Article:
The Environmental Protection Authority (EPA) has ordered Tamarind Taranaki - an oil and gas company in voluntary administration - to stop extracting oil due to it being responsible for a small spill.
Interest.co.nz on Monday revealed oil was last Thursday found on the water about 400 metres from a floating oil and gas storage and offloading unit (the Umuroa) that Tamarind was using as it gathered oil from the Tui field.
The oil covered an area 20 to 30 metres wide, about 60 kilometres off the Taranaki coast. Tamarind believes 100 litres of hydrocarbons was spilt. The oil dispersed naturally.
The EPA on Wednesday issued Tamarind with an abatement notice. It's only ever issued one other oil and gas company an abatement notice under the Exclusive Economic Zone Act 2012.
The notice prohibits the Malaysian-headquartered Tamarind from exacting oil from certain wells at the Tui field until it can "conclusively" identify the source of the “hydrocarbon sheen” and provide evidence its systems are robust.
The EPA said the company detected a 10 to 12-metre-long split in the outer layer of a “flowline”, or pipeline, connecting the Umuroa to a well. This is where hydrocarbons leaked out of.
Tamarind wants to resume extraction in the next couple of days, but the EPA isn’t satisfied it’s done enough to rectify the situation.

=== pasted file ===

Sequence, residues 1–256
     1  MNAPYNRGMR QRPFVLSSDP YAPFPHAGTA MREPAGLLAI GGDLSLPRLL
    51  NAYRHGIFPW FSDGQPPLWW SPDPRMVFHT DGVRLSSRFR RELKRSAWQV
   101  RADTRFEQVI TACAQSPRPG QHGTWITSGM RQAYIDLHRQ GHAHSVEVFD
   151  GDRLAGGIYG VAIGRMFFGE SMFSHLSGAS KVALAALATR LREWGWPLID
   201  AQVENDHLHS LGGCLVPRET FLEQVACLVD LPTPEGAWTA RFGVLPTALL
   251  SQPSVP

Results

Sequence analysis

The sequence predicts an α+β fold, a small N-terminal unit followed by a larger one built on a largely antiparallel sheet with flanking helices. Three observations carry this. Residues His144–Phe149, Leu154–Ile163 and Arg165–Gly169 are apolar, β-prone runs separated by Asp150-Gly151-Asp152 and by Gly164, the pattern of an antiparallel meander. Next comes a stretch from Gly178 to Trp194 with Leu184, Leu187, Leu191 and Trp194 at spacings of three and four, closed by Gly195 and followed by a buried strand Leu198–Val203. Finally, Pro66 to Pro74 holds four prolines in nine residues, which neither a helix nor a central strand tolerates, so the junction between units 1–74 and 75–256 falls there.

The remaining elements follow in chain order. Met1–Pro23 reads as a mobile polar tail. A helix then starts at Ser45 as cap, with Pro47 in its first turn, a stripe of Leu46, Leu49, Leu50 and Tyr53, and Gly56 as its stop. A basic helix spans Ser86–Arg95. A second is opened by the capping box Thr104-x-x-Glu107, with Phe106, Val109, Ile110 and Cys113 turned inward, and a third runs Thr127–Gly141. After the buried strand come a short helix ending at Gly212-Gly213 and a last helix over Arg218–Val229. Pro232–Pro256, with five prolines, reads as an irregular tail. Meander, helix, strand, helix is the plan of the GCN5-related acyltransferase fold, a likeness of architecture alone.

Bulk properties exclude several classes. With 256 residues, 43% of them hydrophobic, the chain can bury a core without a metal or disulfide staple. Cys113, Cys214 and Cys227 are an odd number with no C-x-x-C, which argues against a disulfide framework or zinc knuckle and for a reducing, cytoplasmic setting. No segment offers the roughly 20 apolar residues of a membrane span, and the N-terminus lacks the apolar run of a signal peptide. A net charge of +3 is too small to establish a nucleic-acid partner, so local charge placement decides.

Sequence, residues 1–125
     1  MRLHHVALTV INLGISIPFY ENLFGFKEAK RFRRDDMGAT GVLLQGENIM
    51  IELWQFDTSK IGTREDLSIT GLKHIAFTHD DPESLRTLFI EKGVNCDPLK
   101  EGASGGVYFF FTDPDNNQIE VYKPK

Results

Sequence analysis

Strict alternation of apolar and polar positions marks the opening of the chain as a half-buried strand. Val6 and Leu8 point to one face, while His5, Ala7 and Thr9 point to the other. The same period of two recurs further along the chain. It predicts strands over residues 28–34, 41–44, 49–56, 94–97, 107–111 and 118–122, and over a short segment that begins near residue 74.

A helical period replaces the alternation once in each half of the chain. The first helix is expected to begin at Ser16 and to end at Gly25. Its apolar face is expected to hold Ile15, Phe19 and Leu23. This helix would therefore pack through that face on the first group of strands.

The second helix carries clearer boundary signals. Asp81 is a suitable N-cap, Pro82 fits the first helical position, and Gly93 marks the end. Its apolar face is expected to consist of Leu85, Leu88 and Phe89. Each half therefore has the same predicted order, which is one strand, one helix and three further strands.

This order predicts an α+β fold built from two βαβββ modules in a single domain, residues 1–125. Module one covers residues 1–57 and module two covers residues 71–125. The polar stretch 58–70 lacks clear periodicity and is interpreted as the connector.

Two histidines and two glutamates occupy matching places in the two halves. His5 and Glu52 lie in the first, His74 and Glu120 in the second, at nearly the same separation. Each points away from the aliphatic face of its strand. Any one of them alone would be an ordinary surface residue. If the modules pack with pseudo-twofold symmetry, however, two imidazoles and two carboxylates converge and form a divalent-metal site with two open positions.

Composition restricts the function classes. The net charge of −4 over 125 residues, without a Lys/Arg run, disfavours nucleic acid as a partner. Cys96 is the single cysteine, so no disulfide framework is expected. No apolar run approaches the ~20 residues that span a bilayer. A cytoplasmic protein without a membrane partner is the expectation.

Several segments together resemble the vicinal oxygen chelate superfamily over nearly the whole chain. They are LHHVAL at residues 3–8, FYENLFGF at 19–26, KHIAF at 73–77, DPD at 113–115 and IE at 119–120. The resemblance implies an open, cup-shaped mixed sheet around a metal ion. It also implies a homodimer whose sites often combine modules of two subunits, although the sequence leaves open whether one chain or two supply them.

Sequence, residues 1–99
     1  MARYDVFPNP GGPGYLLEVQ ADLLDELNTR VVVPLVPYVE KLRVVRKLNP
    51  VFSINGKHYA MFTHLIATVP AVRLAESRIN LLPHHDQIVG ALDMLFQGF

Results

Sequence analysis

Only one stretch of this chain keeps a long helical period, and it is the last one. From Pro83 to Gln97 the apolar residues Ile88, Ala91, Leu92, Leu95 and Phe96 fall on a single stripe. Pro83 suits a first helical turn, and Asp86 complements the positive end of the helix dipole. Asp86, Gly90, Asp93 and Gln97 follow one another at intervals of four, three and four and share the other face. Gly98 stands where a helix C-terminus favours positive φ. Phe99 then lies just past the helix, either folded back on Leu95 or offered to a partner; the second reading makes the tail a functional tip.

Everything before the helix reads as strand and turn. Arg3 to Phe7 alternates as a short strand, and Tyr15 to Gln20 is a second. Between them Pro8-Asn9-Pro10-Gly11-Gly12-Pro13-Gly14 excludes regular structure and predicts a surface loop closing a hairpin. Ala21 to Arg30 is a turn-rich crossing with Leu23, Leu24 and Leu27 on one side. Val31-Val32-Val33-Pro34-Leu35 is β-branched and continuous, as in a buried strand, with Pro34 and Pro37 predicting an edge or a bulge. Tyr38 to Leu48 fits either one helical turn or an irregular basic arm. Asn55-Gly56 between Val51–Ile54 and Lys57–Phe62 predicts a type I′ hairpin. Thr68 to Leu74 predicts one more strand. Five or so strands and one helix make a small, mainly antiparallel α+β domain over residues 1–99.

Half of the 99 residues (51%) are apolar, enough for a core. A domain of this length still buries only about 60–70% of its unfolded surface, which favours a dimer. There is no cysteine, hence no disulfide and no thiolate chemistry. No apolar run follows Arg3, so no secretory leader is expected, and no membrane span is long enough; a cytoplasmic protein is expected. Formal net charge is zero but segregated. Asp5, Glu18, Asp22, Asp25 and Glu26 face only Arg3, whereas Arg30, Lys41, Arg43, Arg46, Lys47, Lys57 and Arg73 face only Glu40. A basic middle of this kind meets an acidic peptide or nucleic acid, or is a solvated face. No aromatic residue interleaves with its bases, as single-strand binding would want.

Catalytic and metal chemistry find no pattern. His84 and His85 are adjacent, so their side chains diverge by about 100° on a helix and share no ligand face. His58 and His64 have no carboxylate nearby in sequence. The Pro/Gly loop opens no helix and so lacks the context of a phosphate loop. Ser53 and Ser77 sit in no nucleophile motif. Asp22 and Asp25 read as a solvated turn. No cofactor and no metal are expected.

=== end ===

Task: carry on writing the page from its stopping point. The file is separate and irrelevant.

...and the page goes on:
It said the “acute failure” of the flowline calls into question the integrity of remaining flowlines.
It also said Tamarind had not established the cause of the rupture and proven there weren’t other leaky flowlines.
The bigger picture
Tamarind’s entry into New Zealand exposed what Energy and Resources Minister Megan Woods describes as a “loophole” in the Crown Minerals Act, which she closed in 2018.
This enabled Tamarind to buy the Australian permit operator of the Tui field, AWE Taranaki, in 2017, without going through the checks that would be required of an applicant of a new permit.
The concern is that as more wells reach the end of their life, New Zealand might attract more small companies like Tamarind that specialise in buying assets from larger companies that no longer deem it commercially viable to keep extracting from fields near the end of their life.
As per Tamarind’s case, there’s a risk these companies aren’t properly resourced, which poses environmental and financial risks.
Because the Government covers 42% of well decommissioning costs, failed oil and gas companies could leave taxpayers exposed.
Decommissioning the Tui field is estimated to cost $155 million.
Meanwhile creditors are reportedly seeking nearly $200 million from Tamarind.
Tamarind’s administrators, Borrelli Walsh, had been looking at ways to keep production going at Tui for a bit longer before decommissioning.
However BW Offshore, the owner of the Umuroa, which has serviced the field since 2007, is preparing to disconnect and demobilise the unit as the termination of its contract takes effect on December 31.
It said: “The potential total EBITDA [earnings before interest, tax, depreciation and amortisation] exposure for both past and future hire could be up to US$23 million by end of 2019.”